WASHINGTON — Canadian politicians were well within earshot as political bombshells this week exploded all over Washington. Just as news broke that U.S. President Donald Trump had shared classified information with the Russian government, two federal cabinet ministers arrived for dinner at the State Department.
Chrystia Freeland and Harjit Sajjan dined with their U.S. counterparts for foreign affairs and defence — Rex Tillerson and James Mattis. They got there just before the news upended Washington, and early enough that it wasn't a hot dinner discussion topic.
"That story had not yet broken (when we got there)," Freeland said in an interview.
But she hints it will be discussed further.
Freeland kept to herself her thoughts on the news; whether she'd heard anything from the Americans about it; and whether Canada might have some concerns about intelligence-sharing with the Trump administration.
"You will appreciate it's a really sensitive area. I don't have information I'm at liberty to share," Freeland said. But she added that she had previously scheduled chats lined up in the coming days with other foreign ministers: "I do have some conversations with some other partners set up later this week."
She made the remarks after a two-day Washington visit where she met numerous lawmakers and administration officials — one of them being the newly sworn in U.S. trade czar, Robert Lighthizer, who will play a role in the renegotiation of NAFTA.
It was his first meeting with a foreign official — he'd just taken office the previous day. Freeland said she expects the administration to send its notice soon announcing the upcoming renegotiation of NAFTA.
Few others in Washington had trade on their mind this week.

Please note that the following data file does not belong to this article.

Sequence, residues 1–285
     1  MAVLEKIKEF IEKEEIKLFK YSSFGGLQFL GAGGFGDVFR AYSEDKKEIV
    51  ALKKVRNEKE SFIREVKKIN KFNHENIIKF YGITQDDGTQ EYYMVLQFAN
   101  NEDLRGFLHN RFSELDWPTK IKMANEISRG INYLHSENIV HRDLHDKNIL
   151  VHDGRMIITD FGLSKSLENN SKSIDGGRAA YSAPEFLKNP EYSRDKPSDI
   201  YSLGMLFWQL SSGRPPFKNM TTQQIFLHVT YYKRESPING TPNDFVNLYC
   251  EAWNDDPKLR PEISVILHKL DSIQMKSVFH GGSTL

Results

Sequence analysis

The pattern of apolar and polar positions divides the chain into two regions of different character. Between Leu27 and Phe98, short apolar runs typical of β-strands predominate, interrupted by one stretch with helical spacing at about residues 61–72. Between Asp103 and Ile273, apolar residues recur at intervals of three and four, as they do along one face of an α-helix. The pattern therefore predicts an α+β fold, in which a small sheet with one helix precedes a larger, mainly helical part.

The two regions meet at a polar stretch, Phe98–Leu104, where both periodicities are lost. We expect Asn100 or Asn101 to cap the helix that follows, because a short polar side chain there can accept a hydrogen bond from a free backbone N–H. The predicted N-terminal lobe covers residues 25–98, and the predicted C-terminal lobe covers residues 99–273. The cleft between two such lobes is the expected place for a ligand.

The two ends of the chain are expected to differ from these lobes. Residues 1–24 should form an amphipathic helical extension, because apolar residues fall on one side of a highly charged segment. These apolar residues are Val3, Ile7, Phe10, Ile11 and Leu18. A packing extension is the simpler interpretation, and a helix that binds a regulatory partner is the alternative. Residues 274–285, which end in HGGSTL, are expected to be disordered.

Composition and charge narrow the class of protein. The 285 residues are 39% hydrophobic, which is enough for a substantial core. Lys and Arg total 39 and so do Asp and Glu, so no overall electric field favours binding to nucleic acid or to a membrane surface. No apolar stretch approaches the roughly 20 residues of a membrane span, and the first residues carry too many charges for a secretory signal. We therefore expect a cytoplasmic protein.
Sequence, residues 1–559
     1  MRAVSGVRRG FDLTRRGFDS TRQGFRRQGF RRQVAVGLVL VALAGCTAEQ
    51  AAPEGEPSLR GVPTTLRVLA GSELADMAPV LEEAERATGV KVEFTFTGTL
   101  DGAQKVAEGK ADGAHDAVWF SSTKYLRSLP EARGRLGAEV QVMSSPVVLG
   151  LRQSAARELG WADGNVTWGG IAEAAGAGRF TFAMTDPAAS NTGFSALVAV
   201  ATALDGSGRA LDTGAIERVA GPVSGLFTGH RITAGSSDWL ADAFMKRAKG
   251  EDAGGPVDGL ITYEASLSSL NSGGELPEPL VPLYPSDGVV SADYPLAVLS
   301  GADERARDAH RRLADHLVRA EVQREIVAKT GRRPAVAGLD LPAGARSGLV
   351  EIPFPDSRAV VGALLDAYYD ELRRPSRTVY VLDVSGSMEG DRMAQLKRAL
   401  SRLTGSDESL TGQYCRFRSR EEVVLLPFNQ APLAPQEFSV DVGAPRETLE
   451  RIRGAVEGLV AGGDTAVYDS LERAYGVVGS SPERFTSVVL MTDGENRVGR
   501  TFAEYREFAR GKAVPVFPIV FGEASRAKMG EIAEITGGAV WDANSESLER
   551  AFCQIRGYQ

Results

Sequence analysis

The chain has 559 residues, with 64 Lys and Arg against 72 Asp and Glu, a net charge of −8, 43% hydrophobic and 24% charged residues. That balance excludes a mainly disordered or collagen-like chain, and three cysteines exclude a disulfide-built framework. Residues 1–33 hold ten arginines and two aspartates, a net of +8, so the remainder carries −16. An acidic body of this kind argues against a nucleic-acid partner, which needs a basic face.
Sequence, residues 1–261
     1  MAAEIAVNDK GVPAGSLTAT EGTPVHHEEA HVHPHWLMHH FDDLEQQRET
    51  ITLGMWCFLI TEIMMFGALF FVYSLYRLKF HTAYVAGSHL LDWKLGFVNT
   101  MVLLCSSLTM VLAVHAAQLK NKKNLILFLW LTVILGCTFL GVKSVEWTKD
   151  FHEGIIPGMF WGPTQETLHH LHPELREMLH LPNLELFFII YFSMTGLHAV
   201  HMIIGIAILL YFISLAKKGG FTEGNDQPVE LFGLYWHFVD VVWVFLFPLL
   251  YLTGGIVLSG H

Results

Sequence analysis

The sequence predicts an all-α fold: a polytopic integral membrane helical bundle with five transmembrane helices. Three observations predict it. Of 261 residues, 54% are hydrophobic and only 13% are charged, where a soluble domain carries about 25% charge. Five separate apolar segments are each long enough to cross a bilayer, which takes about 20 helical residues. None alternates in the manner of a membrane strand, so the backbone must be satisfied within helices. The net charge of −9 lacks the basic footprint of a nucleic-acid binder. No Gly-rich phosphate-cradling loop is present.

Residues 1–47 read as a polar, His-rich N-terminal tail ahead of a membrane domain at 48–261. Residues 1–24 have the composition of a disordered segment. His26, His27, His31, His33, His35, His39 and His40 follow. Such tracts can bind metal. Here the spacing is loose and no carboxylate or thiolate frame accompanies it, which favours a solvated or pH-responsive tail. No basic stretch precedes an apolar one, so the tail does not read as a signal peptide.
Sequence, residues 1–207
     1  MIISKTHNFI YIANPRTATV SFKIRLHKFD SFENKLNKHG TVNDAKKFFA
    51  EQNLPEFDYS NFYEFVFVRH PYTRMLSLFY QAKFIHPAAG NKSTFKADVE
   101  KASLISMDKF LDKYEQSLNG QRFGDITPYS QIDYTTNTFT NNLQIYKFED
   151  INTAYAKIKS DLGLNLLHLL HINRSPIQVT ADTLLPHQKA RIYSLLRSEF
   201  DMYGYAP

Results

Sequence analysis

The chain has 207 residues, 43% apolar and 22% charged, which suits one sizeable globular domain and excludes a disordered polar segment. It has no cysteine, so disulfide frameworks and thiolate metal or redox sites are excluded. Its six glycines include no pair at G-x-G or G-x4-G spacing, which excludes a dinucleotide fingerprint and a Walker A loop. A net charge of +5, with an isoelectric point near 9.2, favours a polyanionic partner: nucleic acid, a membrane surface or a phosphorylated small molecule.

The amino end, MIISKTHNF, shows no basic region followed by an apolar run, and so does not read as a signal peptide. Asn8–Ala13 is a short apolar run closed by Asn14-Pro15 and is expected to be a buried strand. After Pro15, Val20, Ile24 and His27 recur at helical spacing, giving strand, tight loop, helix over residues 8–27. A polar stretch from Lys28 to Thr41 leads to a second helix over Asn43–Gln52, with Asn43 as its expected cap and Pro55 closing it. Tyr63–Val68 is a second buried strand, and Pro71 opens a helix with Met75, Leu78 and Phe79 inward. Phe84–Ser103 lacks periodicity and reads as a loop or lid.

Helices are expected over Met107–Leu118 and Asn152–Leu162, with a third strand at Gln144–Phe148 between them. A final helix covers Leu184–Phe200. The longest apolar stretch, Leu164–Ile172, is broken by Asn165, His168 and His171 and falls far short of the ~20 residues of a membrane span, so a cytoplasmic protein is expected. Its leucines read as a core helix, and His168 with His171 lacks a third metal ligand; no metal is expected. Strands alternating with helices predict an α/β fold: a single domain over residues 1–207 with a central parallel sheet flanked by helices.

The latest political thunderclap echoed late Tuesday with multiple media outlets reporting that the president had intervened in an FBI probe of his former national security adviser Michael Flynn. Reports say before firing James Comey, Trump told him to lay off the investigation.
Several Republicans expressed concern Tuesday about this drama-a-day White House. In a single week, Trump fired the FBI director, told different stories about why, became the target of a congressional investigation that's expanding into money-laundering, shared intelligence with Russia, offered shifting explanations for the latter, and then wound up being accused of wading into a police investigation.
The administration initially discounted the details of reports in the Washington Post, New York Times, Buzzfeed and elsewhere that the president gave the Russians a detail about terrorist bomb-making that might help it identify U.S. sources in the Middle East.
But the president admitted the basic details on Twitter — and he said it was no big deal.
"As President I wanted to share with Russia ... which I have the absolute right to do, facts pertaining to terrorism and airline flight safety," he tweeted Tuesday. What's most important, the president said, is that authorities "find the leakers in the intelligence community."